Friday, July 19, 2013

Meet the chickens

The chickens were our first outdoor animals. When severe asthma made having cats impossible, I threw my energy into finding something that would feel like company, but live outside where my husband and son wouldn't have to breathe the allergens. Chickens have the side benefit of producing eggs, beautiful feathers, and if we chose, meat. They are also a lot like middle schoolers.

Cosmo and Ember, who is easily twice his size
Our old rooster Cosmo is best described as gallant. Smaller than any of the hens, he will still throw himself in the way of danger. He calls them over when there is food, pretending to drop it until they arrive to share. He steps into the tall grass when the path narrows, so the hens won't have to. He is also confident enough to let a wise hen make a decision if she knows better. Nuki (no he follows the advice of Devor becauce Nuki died) often has brighter ideas than Cosmo, and he will follow her lead, and make sure the rest of the flock does as well. One time he called out to a wild rooster just to fight it! The rooster he waned to fight was much larger. (I don't know the other rooster was bigger from sight but I have been told he was larger.

Peaches and Cream are the Seabrites. Cream is very feminine. She likes to be near Cosmo, and if he's not around she will cling to the other hens instead. She gets very upset when she's alone. Peaches is much more butch. She's the only hen we have who crows; a wild, high pitched sound with the same intonation as a rooster but in a higher key. I've seen her chest fight with Cosmo, but I've also seen them mating, and I've seen her lay eggs. Peaches has special problems with the neighborhood crows. Because she is so close to them in size, they target her for their cruelest bullying. Cream is usually near Cosmo, so she gets a little protection. Because Peaches likes to do things for herself, she sometimes loses a tail feather to a pestering crow.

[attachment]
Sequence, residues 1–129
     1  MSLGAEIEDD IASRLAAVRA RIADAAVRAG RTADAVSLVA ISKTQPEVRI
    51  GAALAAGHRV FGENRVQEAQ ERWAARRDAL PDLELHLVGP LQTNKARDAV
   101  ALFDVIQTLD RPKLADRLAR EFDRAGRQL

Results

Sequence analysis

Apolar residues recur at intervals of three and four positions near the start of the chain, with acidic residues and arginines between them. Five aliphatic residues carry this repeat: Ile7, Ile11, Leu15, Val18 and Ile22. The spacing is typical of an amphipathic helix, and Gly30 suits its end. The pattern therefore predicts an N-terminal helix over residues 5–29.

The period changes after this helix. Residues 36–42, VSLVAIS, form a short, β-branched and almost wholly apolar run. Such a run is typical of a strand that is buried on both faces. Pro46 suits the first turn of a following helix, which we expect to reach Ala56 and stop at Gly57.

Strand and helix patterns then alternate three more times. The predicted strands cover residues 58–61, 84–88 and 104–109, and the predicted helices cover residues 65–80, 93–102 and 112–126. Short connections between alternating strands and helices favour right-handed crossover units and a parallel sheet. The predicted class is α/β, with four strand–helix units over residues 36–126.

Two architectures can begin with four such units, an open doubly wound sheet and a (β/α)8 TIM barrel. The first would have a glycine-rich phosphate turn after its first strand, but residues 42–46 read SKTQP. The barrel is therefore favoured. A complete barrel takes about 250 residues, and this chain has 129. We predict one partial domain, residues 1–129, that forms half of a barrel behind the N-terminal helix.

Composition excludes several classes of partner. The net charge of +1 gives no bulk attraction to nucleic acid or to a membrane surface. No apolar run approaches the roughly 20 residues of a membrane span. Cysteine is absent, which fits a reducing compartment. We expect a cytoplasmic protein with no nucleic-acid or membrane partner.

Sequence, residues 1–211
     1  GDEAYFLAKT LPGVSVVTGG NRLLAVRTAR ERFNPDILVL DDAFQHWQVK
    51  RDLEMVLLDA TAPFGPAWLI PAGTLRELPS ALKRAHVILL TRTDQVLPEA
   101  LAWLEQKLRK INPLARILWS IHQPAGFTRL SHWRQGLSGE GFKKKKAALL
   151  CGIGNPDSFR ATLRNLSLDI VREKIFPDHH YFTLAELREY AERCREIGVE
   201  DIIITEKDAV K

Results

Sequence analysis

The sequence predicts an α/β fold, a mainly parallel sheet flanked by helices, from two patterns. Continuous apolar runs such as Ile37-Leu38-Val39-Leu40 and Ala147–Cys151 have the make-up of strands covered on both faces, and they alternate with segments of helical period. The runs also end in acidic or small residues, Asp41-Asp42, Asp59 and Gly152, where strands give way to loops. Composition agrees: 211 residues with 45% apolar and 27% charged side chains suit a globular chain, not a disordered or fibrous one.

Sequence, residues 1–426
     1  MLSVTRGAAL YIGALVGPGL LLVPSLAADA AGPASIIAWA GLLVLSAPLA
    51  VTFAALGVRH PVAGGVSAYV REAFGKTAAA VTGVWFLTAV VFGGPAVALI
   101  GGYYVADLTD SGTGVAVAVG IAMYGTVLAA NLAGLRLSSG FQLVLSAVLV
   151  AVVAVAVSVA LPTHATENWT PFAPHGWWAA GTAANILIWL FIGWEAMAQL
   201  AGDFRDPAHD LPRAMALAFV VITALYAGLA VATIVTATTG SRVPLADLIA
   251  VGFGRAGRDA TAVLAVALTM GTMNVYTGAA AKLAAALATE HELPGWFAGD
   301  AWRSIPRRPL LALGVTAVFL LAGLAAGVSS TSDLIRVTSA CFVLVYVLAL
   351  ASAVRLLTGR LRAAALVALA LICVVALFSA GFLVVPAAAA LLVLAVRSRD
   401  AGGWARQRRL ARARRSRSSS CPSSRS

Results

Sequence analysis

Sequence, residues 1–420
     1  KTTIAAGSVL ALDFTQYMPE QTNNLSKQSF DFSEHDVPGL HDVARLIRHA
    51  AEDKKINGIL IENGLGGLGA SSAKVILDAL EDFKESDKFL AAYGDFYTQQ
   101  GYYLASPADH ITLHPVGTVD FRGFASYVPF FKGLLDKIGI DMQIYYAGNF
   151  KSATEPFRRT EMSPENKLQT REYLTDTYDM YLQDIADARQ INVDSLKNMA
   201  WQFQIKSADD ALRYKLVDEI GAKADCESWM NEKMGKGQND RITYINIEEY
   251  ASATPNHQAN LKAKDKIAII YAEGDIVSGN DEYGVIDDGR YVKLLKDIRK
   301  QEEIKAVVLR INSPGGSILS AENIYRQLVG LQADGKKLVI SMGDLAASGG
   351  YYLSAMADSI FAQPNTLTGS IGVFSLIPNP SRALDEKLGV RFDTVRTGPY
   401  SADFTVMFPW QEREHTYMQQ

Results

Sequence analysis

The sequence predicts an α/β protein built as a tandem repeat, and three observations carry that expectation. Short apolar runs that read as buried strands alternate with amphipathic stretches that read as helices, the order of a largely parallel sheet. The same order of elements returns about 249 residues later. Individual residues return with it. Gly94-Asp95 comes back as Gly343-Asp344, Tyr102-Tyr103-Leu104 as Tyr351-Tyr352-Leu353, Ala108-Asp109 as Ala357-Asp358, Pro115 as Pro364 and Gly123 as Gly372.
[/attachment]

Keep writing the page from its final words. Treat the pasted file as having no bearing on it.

Ember, the black Austrolorp, is a loner. For a while, we had a hen named Providence. She was unique. She had a spur like a rooster, but otherwise looked like a hen. She was the meanest bird I've ever known. She would pick on another hen even when the hen was trying to get out of her way. Providence had a soft spot for Ember and treated her like a consort, isolating her from the other hens but never picking on her. I could never tell what Ember thought about Providence. She's not a very expressive chicken. Eventually Providence became so hostile to some of the hens, we couldn't keep her.

Nuiki and Devorah are sisters. Nuiki is a genius hen, and always seems to have good plans. Devorah is the most people friendly.

Devorah is the only hen we have that walks up under your hand to get pet. She doesn't mind being picked up, although I don't think it's her favorite activity.

Rhode Island Reds are super reliable egg laying birds. Rosa and Poppy spend a lot of time foraging, then take a brief walk to the nest box and drop off an egg. Very business like.

Lemon and Lime are Copper Marans. I love pastel colored animals, so I was pleased to see that while the eggs are coppery in color, the hens are a pretty, soft blue. For some reason, these two like to nest on the ground.

Elevator got her name because we misheard her breed. She is an olive egger, and is supposed to give greenish eggs. Hers are brown but we love her anyway. She is friendly in a shy way with other chickens. We briefly had a larger rooster( Lorin? who was Cosmos son) , before he tried to kill Cosmo. Elevator loved him and spent all her time with him. They were like high school sweethearts. She does not appreciate Cosmo much. Elevator flies better than any of the other hens. She often gets herself into places she can't get back from, and is very forlorn about it.

If you spend time with chickens, you discover that they don't all fit gender stereotypes 100% of the time. Granite seems to have her own way of being, which is perfect for her but isn't quite the same as the other hens. We thought Granite was a rooster when she was little. She had sharp feathers, a big comb, and a very confident walk - all traditional rooster traits. When she started laying eggs, we decided she must be a hen. She does fewer of the other henny activities, like dust bathing and guarding a nest.

I do not believe that we can model ourselves on animal behavior, however tempting. But I do believe that animals act on impulses that still live in us. If 9 chickens can each express sexuality a little differently, is it too much to believe that 7 billion people won't have a huge range of identities?

Written by Sarah
Revised and published by Noah


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